Joan Baez, Patti Smith, and Michael Stipe were some of the artists that took the stage for the Pathway to Paris benefit concert at Carnegie Hall Sunday night. Pathway to Paris, co-founded by Jesse Paris Smith and Rebecca Foon, raises awareness on climate change while donating proceeds to organizations such as 350.org, Pathway to Paris, and UNDP. Their new initiative encourages all cities to stop using fossil fuels and transition to renewable energy by the year 2040.
Jesse Paris Smith and Rebecca Foon took the stage first to welcome those in attendance and to highlight the importance of what it means to fight for the protection of the planet. Smith hoped for all in the room to become climate leaders before the end of the night. “Music is our universal language”, said Smith. The two then played musical pieces on the piano and cello.
Following Jesse Paris Smith and Rebecca Foon was Smith’s mother, Patti Smith, introduced by her daughter. Jesse Paris Smith became visibly emotional when introducing her mother, speaking of her many achievements. Patti Smith read poetry aloud and sang a few songs before handing the stage over to the following performer.
Throughout the night incredible performers, artists, activists, and leaders took to the stage to contribute what they could to the initiative. Author, environmentalist, and founder of 350.org, Bill Mckibben, took to the stage to speak about climate change and urge the audience to play their part in stopping it. We were asked to write letters to our local government urging them to switch to renewable energy. Michael Stipe, frontman for the band R.E.M., sang several songs in an amazing, and wildly entertaining, performance. Dr. Vandana Shiva, Nobel Prize winner, activist, and Navdanya founder gave a moving and deeply inspiring speech on protecting, valuing, and caring for our planet. “Instead of worrying about how to grow food on Mars,” Dr. Vandana said, “why don’t we start caring for the planet we have right here.” Tenzin Choegyal, accompanied by a group of Tibetan elders, performed a beautiful traditional Tibetan song.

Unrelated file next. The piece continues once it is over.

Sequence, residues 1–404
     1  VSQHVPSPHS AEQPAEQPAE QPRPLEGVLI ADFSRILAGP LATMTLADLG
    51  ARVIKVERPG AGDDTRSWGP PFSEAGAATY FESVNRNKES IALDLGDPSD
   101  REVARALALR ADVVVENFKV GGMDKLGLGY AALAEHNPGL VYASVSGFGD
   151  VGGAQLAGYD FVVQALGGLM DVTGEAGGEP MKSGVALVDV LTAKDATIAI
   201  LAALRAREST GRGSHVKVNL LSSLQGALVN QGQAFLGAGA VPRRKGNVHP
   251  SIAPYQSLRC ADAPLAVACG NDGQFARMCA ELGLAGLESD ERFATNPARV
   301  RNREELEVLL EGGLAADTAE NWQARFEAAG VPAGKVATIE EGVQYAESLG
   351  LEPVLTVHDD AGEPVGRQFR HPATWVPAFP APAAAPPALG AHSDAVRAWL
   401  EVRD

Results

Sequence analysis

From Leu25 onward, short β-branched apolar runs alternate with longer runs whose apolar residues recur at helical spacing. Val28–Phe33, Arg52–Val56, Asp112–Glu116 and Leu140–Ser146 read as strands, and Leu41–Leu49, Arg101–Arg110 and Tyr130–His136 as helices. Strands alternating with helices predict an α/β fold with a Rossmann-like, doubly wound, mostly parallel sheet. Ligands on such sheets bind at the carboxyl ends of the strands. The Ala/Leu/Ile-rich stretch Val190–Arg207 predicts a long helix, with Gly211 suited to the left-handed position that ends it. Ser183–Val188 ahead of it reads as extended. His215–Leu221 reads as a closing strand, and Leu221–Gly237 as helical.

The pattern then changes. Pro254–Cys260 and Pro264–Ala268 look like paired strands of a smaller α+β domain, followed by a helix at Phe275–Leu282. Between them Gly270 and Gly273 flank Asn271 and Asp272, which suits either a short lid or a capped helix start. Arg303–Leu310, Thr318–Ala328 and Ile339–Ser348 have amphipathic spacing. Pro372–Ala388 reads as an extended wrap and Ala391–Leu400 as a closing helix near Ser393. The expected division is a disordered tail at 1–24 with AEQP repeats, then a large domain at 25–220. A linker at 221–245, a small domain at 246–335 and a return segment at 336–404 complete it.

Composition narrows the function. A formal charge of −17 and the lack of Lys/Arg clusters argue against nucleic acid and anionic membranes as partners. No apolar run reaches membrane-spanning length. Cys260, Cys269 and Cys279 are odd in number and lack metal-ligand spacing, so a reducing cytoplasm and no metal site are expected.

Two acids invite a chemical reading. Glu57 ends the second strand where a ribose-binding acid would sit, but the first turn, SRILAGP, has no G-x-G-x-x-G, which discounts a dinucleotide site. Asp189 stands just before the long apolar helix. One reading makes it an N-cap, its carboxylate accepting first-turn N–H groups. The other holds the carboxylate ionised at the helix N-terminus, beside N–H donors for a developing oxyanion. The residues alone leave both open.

Olafur Eliasson, a visionary artist, engaged the entire audience in his performance. We were all asked to reach under our seats where we found a box. In the box was what Eliasson calls a “little sun,” a small solar powered lamp in the shape of a sunflower. Little Sun is a global project started by the artist in 2012, in which Little Sun solar lamps are distributed for use in off-grid communities and spreads awareness about the need to expand access to sustainable energy to all. We were all asked to leave our Little Sun solar lamps under our seats so each and every one could be donated to Puerto Rico, which is still experiencing extreme power outages due to Hurricane Maria.
Legendary singer and activist Joan Baez took to the stage later in the evening. As she always does, Baez used her incomparable voice to captivate the audience and send home a strong message of hope, resilience, and change. Among several of the songs she performed were “Swing Low, Sweet Chariot,” “Imagine,” and a hauntingly beautiful song she found on the internet about the church shooting in Charleston, South Carolina. During her rendition of “Imagine,” the entire audience took out their Little Sun solar lamps and turned them on, swaying in tune with the poignant performance. Baez reminded us to never stop fighting for what is right, and to use our own voices to make a difference.
It was a beautiful night filled with artists and speakers who showed true passion for their cause. Inspiration and hope radiated throughout the room that evening, leaving every audience member feeling a little more empowered than they did when they walked in.
Full List of Performers and Speakers:
Jesse Paris Smith
Dr. Vandana Shiva